The unit sat at the end of the hallway. The late afternoon sun floated in through a large set of double doors, directly across from the entrance. The light wound its way through the branches of a gigantic oak tree just outside the building.
“Oh, how lovely,” Miranda said, as she stepped into the front room.
“Everything is lovely about this place! It’s an old building, but it has such a unique charm.”
“They all have so much floor space. Notice how the living area opens up into the dining area, without seeming crowded. Even with furniture, you’ll still have plenty of room to move around. And, if you’ll look over here” – she headed towards the kitchen – “you can see how –” She stopped.
Miranda had moved towards the double doors that led onto the balcony. The sunlight swallowed her tiny frame.
“Uh – those doors are new,” Lakesha finally said. “So, are those patios.”
“Oh – I figured.”
“Yes, they just knocked out that part of the wall and then added the balconies.”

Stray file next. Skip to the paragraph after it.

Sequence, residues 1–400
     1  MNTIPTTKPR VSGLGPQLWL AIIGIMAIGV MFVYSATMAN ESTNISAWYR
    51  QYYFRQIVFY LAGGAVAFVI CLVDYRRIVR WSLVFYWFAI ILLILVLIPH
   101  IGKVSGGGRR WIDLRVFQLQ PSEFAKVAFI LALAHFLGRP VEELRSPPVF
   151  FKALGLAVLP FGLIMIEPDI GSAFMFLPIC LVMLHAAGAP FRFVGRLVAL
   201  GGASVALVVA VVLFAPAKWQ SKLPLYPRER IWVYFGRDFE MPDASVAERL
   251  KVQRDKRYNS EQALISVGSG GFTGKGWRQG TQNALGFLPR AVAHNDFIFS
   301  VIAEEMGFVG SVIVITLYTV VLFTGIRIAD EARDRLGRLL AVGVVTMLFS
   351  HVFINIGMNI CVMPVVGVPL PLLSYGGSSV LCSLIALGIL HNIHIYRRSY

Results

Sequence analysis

Miranda remained silent, still facing the doors.
Lakesha felt cold for a second. “Let me show you the bedrooms.”
Miranda wheeled around. “Okay.”
The master bedroom boasted two windows, a large walk-in closet and its own bathroom; two slightly smaller bedrooms each had one window. Another bathroom sat between the two smaller bedrooms, just off the main room. Sunlight wafted in through each bedroom window unimposingly; almost beckoning. And, as she entered every bedroom, Miranda ambled to the windows – and just stood there.
Lakesha crossed her arms, as they lingered in the last bedroom, wondering what drew Miranda to the windows. The young woman with the outdated hairstyle and shoes seemed to have no interest in any other feature of the rooms. Lakesha glanced around and felt another slight chill.
It then dawned on Lakesha that she’d never asked Miranda for her driver’s license and made her sign in at the leasing office. Management rules required both. “Uh – I can show you the other amenities. We have a workout center in the basement and a mail drop.”
“That’s okay,” Miranda finally said, turning around with a smile. “I just wanted to see it one last time. I don’t want to take up anymore of your day. I really appreciate you taking me on such short notice.”
“Oh, like I said, no problem! Let’s go back to the office, shall we?”
“There’s a 10% deposit security requirement,” Lakesha stated, once back at her desk.
“Oh, no. That won’t be necessary.”
“I just wanted to see it one last time – before I go.”
Lakesha’s brow crinkled, almost involuntarily. “One last time? What does that mean?”
Miranda’s eyes dropped to the floor; looking especially sad.
Lakesha suddenly felt cold again.
“Well………………………………………………………this is where I died.”